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Edna’s final decision

Paper Type: Free Essay Subject: English Literature
Wordcount: 1377 words Published: 1st Jan 2015

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1) Justify Edna’s final decision in The Awakening.

  Edna’s final decision of committing suicide in The Awakening is inevitably linked to freedom. She grew up in a conservative society where marriage and motherhood provided a satisfying future for the young women, no matter what their true desires in life were. Having believed this all through out her life, Edna eventually got married and had children, only to find that she wasn’t suited for either lifestyle. “The years that are gone seem like dreams-if one might go on sleeping and dreaming-but to wake up and find-oh! well! Perhaps it is better to wake up after all, even to suffer, rather than to remain a dupe to illusions all one’s life (Chopin 624). Edna fully understands that she really wants nothing to do with her children when she clearly understands “what she had meant long ago when she said to Adele Ratignolle that she would give up the unessential’s, but she would never sacrifice herself for her children” (Chopin 626). Though Edna didn’t like her lifestyle, as she had made it, if any women in her society were to give up marriage and motherhood to follow their own path, she would be condemned. Therefore, she felt her only way to freedom and independence from her life was to go against nature and commit suicide, which she did so by swimming out in the ocean and not returning to shore.

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2) What is meant by “Roman Fever?” How does it influence Alida and Grace?

Roman Fever is meant to portray pregnancy in the story. People in that time period seemed to think that Roman Fever was only caught at night by women, since shortly after their night out, the signs and symptoms of pregnancy could have already been occurring. So every night “when Roman fever stalked the streets” the mothers would “gather in the girls at the danger hour” (Wharton 782). If any women came done with the illness it was assumed she was rebellious and stayed out all night long, probably chasing after boys. Roman Fever influences Alida and Grace, since Grace was assumed to have caught the Roman Fever the one night she was out with Alida’s fiancé. No one knew she was out with him that night, since it was supposed to be a prank date planned by Alida, so no one could have questioned her about being pregnant. Only Grace knew her secret of being pregnant and it was clear that Alida didn’t, especially when she says “I remember how ill you were that winter. As a girl you had a very delicate throat, hadn’t you,” (Wharton 783). This clearly indicates morning sickness, which is usually associated with the early signs of pregnancy.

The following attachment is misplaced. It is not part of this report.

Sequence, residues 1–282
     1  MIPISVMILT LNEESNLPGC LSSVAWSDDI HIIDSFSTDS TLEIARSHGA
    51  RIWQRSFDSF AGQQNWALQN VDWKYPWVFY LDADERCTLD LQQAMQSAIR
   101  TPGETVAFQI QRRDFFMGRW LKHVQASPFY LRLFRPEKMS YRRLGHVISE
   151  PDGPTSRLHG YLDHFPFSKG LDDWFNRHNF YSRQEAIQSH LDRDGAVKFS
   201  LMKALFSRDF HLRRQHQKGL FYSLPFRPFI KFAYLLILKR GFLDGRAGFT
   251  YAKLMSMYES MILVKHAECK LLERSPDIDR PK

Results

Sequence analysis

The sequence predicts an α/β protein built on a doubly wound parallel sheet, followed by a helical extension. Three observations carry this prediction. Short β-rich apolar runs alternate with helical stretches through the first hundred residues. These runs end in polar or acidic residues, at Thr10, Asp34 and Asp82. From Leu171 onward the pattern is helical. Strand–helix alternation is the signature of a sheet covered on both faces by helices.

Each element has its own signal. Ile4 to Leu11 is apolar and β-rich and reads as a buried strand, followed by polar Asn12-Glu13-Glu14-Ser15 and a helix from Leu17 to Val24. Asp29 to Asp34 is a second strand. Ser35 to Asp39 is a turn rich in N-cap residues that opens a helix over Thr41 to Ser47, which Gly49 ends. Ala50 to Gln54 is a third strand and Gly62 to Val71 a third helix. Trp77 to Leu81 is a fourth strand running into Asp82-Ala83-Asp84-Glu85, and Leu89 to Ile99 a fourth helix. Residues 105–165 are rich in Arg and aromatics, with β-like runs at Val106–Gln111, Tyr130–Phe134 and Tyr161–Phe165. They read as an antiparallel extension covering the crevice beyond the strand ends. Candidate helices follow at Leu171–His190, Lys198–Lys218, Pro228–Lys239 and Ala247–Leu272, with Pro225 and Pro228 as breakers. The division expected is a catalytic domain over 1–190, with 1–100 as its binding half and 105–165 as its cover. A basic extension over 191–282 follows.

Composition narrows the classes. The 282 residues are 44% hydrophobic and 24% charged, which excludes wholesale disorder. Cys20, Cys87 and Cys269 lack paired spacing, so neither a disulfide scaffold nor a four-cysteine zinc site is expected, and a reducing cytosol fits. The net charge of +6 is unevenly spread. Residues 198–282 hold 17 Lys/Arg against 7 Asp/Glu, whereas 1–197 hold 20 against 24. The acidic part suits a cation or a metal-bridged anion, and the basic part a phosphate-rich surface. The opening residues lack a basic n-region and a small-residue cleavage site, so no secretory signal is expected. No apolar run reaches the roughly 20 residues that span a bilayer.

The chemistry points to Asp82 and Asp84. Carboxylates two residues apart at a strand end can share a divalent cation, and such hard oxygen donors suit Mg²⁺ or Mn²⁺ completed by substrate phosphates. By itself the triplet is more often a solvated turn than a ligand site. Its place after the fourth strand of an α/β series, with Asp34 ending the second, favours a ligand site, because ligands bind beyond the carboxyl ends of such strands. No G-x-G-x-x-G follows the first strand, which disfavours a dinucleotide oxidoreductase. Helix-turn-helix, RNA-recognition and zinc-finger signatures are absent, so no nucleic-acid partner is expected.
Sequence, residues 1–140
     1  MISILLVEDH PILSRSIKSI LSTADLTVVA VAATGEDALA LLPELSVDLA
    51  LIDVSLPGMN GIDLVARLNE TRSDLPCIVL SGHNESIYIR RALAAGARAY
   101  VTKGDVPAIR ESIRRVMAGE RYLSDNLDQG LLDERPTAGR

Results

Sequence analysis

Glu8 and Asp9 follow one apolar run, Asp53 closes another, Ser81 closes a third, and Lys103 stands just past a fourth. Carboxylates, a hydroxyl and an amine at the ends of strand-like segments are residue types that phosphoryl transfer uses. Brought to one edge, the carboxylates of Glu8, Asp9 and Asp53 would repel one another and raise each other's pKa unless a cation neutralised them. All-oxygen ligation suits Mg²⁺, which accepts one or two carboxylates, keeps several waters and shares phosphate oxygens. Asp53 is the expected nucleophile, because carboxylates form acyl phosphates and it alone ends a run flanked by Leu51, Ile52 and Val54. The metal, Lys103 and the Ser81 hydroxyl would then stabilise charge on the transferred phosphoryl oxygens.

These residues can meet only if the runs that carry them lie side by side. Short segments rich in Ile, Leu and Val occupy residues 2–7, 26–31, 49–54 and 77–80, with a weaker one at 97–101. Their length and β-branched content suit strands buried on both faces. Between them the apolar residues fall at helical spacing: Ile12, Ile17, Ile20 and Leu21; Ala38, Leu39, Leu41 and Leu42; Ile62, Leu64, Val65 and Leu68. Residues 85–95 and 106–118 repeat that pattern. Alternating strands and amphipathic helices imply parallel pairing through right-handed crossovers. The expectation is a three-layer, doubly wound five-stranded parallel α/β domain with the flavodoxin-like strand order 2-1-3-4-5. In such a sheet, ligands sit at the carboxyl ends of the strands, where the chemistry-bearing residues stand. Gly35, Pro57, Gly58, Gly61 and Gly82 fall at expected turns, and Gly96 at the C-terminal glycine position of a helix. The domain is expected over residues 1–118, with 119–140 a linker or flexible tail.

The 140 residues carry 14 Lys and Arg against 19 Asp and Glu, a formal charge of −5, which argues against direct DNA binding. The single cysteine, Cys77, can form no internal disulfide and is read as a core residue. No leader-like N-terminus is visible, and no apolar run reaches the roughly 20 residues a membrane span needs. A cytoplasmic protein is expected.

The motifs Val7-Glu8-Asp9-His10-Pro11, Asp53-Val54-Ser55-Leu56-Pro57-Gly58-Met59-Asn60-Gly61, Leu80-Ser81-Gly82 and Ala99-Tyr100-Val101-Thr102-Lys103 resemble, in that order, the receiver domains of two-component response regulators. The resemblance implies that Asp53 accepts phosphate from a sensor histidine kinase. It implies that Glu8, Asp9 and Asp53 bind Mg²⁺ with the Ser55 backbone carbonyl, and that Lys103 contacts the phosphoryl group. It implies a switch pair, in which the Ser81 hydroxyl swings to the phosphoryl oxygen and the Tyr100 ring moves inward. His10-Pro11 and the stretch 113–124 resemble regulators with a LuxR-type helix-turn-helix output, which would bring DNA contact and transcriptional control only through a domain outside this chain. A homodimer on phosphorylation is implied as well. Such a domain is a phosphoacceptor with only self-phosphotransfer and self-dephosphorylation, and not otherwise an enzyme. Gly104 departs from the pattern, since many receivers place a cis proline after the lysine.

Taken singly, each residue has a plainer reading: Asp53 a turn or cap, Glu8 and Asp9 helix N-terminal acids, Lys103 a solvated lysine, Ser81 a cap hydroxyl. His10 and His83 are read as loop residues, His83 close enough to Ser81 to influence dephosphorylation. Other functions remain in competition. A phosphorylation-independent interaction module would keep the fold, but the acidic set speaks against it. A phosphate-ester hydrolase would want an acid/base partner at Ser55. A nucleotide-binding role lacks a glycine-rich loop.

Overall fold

3) Why does Crane refer to the characters (except one, late in the story) by their professions, instead of names?

Crane identifies the characters by their occupations (besides one), instead of names, because he wanted to pin point the one person in the story with a name, as a threat to nature. The only one in the story who had a name titled to them was the oiler, Billie. The oilers job represents contamination and pollution to the ocean, where as the other characters jobs like the captain, cook, and correspondent did not. In the quote “The black waves were silent and hard to be seen in the darkness,” it seems as if it is referring to dirty black water, such as an oil spill (Crane 757). Since an oilers job is usually associated with machines and dirt, the occupation in the story is represented as darkness toward nature. Though Billie was the most hard working crew member on the life boat he was unwanted by nature due to his occupation. When the boat began to sink all the men attempted to swim ashore to the island. All but one man, Billie, made it. Even though the oiler was the strongest and fastest swimmer of the men, the waves seem to want to take him down by drowning him with the strong currents. After the oilers death, Crane made everything at the end of the story to sound peaceful. “When it came night, the white waves paced to and fro in the moonlight and the wind brought the sound of the great sea’s voice to the men on the shore” (Crane 763).